Major findings of the air quality and traffic impact study include:
- Traffic-generated fine PM2.5 in the NYC metropolitan region contributes to 320 premature deaths and 870 emergency department visits and hospitalizations each year among city residents.
- The largest share of PM2.5-attributable health outcomes from traffic comes from trucks and buses traveling city streets.
- Traffic-related PM2.5 pollution and its health impacts are greatest in the city’s poorest neighborhoods.
- Relative to more affluent neighborhoods, high-poverty neighborhoods had 1.7 times the PM2.5 exposure and 9.3 times the rate of emergency department visits for asthma due to emissions from trucks and buses.
There have been recent improvements in PM2.5 levels due to actions taken by the City. The Health Department’s New York City Community Air Survey found that between 2008 and 2014, annual average PM2.5 levels declined by 16 percent - a decline due in part to reduced emissions from the City’s buildings. This past February, the de Blasio administration and the Department of Environmental Protection announced that all 5,300 buildings that registered in 2011 as burning #6 heating oil – a high-polluting fuel – have converted to a cleaner fuel as of December 31, 2015, greatly reducing building emissions of sulfur dioxide and fine particles that contribute to premature deaths and hospital admissions from cardiovascular and lung disease. In September 2015, Mayor de Blasio launched NYC Retrofit Accelerator, which provides free technical assistance and advisory services for building owners to “go green” through clean energy upgrades. The program will prioritize assistance to buildings in high-poverty neighborhoods that are still using more polluting types of heating oil.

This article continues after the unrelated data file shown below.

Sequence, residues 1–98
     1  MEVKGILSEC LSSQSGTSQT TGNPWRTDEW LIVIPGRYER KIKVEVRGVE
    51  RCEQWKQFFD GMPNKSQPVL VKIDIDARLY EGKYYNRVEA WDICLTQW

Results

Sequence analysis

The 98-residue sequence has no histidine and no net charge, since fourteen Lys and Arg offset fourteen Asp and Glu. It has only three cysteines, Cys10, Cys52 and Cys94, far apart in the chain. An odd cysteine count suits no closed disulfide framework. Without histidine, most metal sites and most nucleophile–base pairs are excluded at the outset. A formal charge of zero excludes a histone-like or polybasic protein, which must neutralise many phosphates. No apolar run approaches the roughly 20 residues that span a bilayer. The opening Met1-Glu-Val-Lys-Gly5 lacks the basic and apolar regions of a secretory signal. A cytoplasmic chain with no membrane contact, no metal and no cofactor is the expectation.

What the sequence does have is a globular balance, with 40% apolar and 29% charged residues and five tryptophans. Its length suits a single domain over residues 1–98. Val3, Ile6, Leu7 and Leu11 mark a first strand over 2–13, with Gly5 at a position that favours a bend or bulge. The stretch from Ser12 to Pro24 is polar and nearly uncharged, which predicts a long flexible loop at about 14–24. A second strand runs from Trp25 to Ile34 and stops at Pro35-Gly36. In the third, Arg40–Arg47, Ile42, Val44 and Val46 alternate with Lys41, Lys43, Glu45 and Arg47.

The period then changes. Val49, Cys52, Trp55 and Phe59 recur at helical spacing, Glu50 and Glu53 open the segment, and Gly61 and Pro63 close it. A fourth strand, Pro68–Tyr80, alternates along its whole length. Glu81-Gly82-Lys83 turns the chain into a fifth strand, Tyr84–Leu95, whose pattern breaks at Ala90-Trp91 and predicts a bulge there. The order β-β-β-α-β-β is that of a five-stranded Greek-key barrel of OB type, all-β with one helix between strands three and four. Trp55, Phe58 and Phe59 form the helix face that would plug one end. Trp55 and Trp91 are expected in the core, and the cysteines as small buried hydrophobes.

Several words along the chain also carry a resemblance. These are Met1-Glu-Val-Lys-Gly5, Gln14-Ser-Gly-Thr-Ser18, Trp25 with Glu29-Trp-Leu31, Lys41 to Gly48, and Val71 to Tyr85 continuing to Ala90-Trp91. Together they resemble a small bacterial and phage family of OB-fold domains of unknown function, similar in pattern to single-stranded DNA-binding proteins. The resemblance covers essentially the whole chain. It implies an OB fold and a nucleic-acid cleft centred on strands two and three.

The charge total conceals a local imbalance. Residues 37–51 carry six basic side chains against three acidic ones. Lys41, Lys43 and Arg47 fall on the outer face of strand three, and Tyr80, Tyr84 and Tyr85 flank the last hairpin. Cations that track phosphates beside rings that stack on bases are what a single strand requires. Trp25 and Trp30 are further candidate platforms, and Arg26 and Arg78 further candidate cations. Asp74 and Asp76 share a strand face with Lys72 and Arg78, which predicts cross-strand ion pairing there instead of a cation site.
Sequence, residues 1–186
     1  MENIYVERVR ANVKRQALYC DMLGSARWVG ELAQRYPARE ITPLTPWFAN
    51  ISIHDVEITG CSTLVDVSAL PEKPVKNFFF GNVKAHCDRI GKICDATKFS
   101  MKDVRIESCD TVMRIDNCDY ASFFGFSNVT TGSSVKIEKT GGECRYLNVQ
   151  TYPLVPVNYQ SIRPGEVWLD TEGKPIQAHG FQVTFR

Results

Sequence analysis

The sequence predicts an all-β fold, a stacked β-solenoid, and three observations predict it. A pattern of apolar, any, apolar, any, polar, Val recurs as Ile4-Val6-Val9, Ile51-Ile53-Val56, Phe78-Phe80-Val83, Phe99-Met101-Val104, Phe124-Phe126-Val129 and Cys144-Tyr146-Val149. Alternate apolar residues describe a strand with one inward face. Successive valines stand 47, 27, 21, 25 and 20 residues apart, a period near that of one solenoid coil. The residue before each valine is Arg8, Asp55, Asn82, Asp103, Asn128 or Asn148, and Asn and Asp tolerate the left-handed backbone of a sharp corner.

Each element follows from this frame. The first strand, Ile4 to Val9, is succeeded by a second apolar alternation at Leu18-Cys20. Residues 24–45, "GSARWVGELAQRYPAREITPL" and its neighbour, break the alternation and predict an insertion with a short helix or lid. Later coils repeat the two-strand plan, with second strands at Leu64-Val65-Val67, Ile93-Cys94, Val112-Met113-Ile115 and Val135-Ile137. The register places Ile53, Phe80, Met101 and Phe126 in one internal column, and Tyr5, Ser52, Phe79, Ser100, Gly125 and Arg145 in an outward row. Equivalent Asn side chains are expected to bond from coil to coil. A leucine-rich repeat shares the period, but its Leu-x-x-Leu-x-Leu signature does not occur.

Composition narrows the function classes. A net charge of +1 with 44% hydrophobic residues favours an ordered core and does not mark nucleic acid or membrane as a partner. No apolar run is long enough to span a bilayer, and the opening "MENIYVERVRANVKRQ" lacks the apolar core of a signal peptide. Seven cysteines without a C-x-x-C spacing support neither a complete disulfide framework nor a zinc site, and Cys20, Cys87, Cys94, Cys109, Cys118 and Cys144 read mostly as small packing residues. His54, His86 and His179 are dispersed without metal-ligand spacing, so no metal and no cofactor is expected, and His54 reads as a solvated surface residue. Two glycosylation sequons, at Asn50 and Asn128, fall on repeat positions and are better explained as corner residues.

“Diesel is the third largest human-contributor to the emission of fine particulate matter, responsible for up to 15,000 premature deaths nationwide each year and directly linked to myriad health issues including lung cancer, heart arrhythmia, and asthma attacks. And while state legislators continue to ignore these dangers by refusing to implement the Diesel Emissions Reduction Act, I’m grateful to Mayor de Blasio and Health Commissioner Bassett for their efforts to bring attention to the harmful effects of traffic-related pollution,” said State Senator Brad Hoylman, Ranking Member of the Environmental Conservation Committee.
"This study shows that poor traffic-related pollution has serious public health effects including asthma-related issues, hospitalizations, and premature death. The effects are even starker in lower-income neighborhoods,” said Council Member Costa Constantinides, Chair of the Council's Environmental Protection Committee. “Our city has been implementing policies that reduce emissions from vehicles including encouraging use of electric vehicles and expanding use of a more sustainable fuel oil. I look forward to working with agencies and stakeholders to implement even more policies that will benefit our public health. I thank Commissioner Dr. Bassett for her partnership. Now more than ever, our city must lead the way in making our communities healthier and more sustainable."